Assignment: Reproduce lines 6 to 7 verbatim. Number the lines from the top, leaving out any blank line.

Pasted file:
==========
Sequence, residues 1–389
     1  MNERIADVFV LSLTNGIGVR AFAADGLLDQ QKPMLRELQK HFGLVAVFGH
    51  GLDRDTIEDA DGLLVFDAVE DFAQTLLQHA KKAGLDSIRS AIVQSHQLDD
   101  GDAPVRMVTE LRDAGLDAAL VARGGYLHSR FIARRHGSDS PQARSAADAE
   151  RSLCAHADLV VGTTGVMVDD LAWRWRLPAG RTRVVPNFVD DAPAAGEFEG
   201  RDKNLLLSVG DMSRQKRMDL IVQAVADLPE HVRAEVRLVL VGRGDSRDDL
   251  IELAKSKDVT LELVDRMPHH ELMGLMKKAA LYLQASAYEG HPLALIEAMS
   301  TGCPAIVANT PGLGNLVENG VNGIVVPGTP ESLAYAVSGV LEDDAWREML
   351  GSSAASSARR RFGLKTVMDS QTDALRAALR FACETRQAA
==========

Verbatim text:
   201  RDKNLLLSVG DMSRQKRMDL IVQAVADLPE HVRAEVRLVL VGRGDSRDDL
   251  IELAKSKDVT LELVDRMPHH ELMGLMKKAA LYLQASAYEG HPLALIEAMS